Graduate programs continue to grow

Graduate student enrollment at the University increased by 2.3 percent last year, as graduate programs continue to expand across the institution.

The enrollment boost at GW comes on the heels of an only 0.1-percent increase between 2008 and 2009, significantly less than the 5.5-percent increase nationally at the time.

A September report by the Council of Graduate Schools found that graduate enrollment shifted up 1.1 percent nationally in the last year, a slowdown an author of the study attributed to economic hardship across the country.

From 2005 to 2011, the University saw a 144-percent increase in applications, Assistant Provost for Graduate Enrollment Management Kristin Williams said. Enrollment in GW’s graduate programs – including the law and medical schools – hit 14,312 students last fall.

“The heightened visibility and reputation of the University’s graduate programs and research have certainly helped, and the schools have continued to develop new programs to meet students’ professional needs,” she said.

The University’s efforts to keep its sticker price down and provide financial aid also contributed to the enrollment boost, despite the national dip, Williams said.

“For the past 20 years, GW’s graduate tuition rate has remained below the national average for private institutions,” Williams said. “The University also provides a wide range of assistantships and fellowships.”

Funding for graduate financial aid increased by $2 million between 2010 and 2011, Williams said. Data for this fall’s enrollment is not yet available nationally.

Though overall graduate enrollment has increased, first-time graduate students saw a 1.1-percent decrease nationally between fall 2009 and fall 2010, the most recent data available, according to the same study. The dip in national first-time enrollment is the first since 2003.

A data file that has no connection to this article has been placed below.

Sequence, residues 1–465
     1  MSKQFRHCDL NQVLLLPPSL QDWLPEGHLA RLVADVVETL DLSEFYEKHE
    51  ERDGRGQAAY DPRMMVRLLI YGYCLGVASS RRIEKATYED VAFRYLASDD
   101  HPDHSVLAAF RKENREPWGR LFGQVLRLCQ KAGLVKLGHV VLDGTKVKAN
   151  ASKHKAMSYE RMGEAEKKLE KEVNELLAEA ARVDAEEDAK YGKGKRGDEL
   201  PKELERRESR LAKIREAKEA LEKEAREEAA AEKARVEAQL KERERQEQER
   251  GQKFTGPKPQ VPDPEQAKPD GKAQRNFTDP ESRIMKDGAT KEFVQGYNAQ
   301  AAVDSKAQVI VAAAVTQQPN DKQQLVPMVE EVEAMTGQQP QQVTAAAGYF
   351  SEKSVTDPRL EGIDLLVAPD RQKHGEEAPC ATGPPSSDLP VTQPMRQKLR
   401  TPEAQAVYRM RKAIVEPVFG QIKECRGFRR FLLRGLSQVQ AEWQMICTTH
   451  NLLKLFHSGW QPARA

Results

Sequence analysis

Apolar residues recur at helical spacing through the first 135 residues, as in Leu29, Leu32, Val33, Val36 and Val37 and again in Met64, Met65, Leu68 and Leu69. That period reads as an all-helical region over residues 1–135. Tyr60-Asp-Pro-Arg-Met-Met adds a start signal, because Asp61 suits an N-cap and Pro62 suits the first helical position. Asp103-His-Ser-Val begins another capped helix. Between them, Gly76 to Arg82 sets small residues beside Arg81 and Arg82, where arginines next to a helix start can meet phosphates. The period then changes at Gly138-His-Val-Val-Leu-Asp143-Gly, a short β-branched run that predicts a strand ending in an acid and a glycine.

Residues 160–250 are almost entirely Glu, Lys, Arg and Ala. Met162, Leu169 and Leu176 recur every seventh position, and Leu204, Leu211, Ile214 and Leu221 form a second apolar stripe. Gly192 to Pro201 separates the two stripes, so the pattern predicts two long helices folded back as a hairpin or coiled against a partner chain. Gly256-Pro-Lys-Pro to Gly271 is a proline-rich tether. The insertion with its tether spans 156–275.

The information compiled by the University’s Office of Institutional Research and Planning does not distinguish between first-time and returning graduate students.

Financial strain was one of the key reasons for the national decline in first-time enrollment, Nathan Bell, the study’s author and the director of research and policy analysis at the Council of Graduate Schools, said. Bell is also a student at the Trachtenberg School of Public Policy and Public Administration at GW.

“I believe the national first-time graduate enrollment trends are indeed tied to economic trends,” he said. “The recession was likely at the root of these declines.”

Bell said students who are self- or employer-funded find it difficult to obtain financial support and rely on economic stability while obtaining their degrees.

These declines “reflect the hesitancy of prospective students to take on debt or to leave jobs for graduate school and an uncertain future [and] the hesitancy of employers to pay for graduate school for employees,” Bell said.

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